Ron Unz, who developed Proposition 227, criticized the legislative referral. He said, "The proposal is totally ridiculous and demonstrates that Sen. Lara has never bothered to investigate the issue. The academic performance of over a million immigrant students roughly doubled in the four years following the passage of Proposition 227."
- Ron Unz, advocate for Proposition 227
- Mauro E. Mujica, U.S. English Chairperson
Mauro E. Mujica, U.S. English chairperson, encouraged the legislature to reject SB 1174, saying:
|“||Being surrounded by English speakers has been shown to lead to faster proficiency among non-English speakers. Furthermore, being surrounded by other foreign language speakers has been shown to delay English acquisition. The ability to learn a foreign language is an advantage and should be encouraged among students -- I myself speak four languages. But in the United States, English proficiency should be the primary objective. Without it, students will face a life struggling with language barriers. Conversely, with a strong base of English proficiency, the doors of opportunity will open to them. I urge the California State Senate to oppose SB 1174 and continue making it their priority to assist English language learner students to acquire English proficiency as soon as possible.||”|
—Mauro E. Mujica
Path to the ballot
The California State Legislature may not amend or repeal an approved initiative without submitting the change to voters. Since Proposition 227 was approved in 1998, the legislature cannot amend or repeal the statute without submitting the change to voters. Senate Bill 1174 is meant to do just that.
The timeline for Senate Bill 1174 was:
- February 20, 2014: Introduced into the California Legislature.
- April 30, 2014: The Senate Education Committee, in an eight to zero vote, recommended the bill's approval.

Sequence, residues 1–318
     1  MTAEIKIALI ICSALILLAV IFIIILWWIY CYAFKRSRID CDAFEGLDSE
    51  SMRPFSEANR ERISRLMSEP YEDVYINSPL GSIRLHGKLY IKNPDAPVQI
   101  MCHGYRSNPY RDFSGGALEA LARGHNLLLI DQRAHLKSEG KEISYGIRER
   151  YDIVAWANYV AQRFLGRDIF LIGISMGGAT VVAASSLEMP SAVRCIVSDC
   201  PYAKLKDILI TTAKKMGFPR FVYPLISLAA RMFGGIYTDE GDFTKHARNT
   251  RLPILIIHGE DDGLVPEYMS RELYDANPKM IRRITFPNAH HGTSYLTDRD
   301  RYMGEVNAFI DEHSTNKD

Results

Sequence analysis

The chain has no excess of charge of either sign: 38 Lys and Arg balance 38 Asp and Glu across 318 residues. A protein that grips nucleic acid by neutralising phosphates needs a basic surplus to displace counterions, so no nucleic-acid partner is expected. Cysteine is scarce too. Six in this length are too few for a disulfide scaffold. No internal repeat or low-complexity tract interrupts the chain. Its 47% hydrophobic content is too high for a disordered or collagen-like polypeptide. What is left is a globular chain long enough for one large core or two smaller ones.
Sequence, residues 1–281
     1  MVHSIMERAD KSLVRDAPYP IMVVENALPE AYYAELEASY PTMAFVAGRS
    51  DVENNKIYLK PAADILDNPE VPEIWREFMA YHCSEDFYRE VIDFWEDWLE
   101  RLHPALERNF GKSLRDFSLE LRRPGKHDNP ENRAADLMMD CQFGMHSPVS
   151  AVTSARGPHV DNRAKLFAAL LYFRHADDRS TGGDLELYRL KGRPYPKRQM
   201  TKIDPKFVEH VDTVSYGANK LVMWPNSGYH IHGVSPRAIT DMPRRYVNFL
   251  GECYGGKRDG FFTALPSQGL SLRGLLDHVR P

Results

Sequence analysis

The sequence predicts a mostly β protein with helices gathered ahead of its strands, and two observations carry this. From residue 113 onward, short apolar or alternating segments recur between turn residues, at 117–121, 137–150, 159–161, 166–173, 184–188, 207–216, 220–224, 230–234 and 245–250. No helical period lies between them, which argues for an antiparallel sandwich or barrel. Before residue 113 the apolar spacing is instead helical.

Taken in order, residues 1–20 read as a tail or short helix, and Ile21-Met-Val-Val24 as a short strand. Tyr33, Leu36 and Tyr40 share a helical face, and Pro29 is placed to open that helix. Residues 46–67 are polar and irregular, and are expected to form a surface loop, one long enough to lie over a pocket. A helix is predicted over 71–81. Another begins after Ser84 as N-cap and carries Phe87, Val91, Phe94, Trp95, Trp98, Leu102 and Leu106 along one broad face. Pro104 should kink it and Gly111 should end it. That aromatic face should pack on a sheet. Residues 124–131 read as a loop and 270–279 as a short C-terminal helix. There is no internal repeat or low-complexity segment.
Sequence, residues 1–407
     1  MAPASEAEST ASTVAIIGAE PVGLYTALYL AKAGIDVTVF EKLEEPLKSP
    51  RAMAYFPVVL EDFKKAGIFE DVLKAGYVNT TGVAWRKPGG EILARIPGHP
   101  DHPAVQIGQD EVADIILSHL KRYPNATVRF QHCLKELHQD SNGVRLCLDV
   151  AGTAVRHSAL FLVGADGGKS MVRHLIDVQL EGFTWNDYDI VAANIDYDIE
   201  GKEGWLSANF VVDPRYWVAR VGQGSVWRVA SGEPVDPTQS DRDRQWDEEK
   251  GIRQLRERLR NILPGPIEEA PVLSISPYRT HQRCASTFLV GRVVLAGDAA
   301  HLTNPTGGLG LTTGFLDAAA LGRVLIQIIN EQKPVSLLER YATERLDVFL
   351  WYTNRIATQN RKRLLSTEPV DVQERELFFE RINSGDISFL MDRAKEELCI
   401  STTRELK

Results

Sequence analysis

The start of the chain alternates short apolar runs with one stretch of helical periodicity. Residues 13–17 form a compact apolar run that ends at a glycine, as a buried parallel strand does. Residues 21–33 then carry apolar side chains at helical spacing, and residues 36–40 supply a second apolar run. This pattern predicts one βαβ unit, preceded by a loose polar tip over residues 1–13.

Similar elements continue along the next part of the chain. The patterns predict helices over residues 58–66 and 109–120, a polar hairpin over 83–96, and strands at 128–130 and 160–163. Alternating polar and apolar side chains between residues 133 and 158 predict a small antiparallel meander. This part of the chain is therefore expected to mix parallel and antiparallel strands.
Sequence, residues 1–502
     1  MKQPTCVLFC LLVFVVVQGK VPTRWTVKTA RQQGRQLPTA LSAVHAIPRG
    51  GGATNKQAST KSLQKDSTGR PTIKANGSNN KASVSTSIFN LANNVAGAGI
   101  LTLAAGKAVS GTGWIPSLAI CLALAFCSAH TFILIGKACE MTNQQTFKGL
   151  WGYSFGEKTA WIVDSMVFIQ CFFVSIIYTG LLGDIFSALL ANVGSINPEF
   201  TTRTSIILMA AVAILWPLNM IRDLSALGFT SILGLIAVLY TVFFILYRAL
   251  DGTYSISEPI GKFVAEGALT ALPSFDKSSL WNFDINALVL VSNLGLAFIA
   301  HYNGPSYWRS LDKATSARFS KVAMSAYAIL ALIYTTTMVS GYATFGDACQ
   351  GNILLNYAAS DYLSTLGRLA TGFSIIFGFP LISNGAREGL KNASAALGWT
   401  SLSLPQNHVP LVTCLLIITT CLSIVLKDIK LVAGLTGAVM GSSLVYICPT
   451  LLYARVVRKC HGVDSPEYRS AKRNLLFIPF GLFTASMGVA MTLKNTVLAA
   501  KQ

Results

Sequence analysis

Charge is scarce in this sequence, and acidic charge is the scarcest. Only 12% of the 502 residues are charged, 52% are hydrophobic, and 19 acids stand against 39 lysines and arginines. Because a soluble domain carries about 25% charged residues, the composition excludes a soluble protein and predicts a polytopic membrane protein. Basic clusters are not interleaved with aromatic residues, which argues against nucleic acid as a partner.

- May 23, 2014: The Senate Appropriations Committee, in a seven to zero vote, recommended the bill's approval.
- May 27, 2014: Approved by California Senate for the first time.
- June 26, 2014: The Assembly Education Committee, in a five to two vote, recommended the bill's approval.
- August 14, 2014: The Assembly Appropriations Committee, in a twelve to five vote, recommended the bill's approval.
- August 25, 2014: Approved by California State Assembly.
- August 26, 2014: Senate concurred with assembly's amendments.
- September 28, 2014: Gov. Brown (D) signed the legislation, thus placing the act on the ballot.
August 25, 2014 Assembly vote
|California SB 1174 Assembly Vote|
August 26, 2014 Senate vote
|California SB 1174 Senate Vote|
- Los Angeles Times, "Lawmakers move to scrap English-only instruction," August 26, 2014
- San Francisco Gate, "S.F. seen as model in bilingual education over English only," February 13, 2014
- Southern California Public Radio, "New bill seeks to ask voters to legalize bilingual education in California," February 21, 2014
- California Legislature, "Senate Bill 1174," accessed August 28, 2014
- Los Angeles Times, "California senator proposes restoring bilingual education," February 20, 2014
- Education Week, "Calif. Bill Would Repeal Bilingual-Education Restrictions," March 4, 2014
- CNN, "Why this bilingual education ban should have repealed long ago," March 4, 2014
- Los Angeles Times, "Should California reinstate bilingual education?," February 28, 2014
- Note: This text is quoted verbatim from the original source. Any inconsistencies are attributed to the original source.
- Market Wired, "U.S. English Chairman Expresses Opposition to California Multilingual Education Bill," February 24, 2014
- California Legislature, "SB 1174 Complete Bill History," accessed March 3, 2014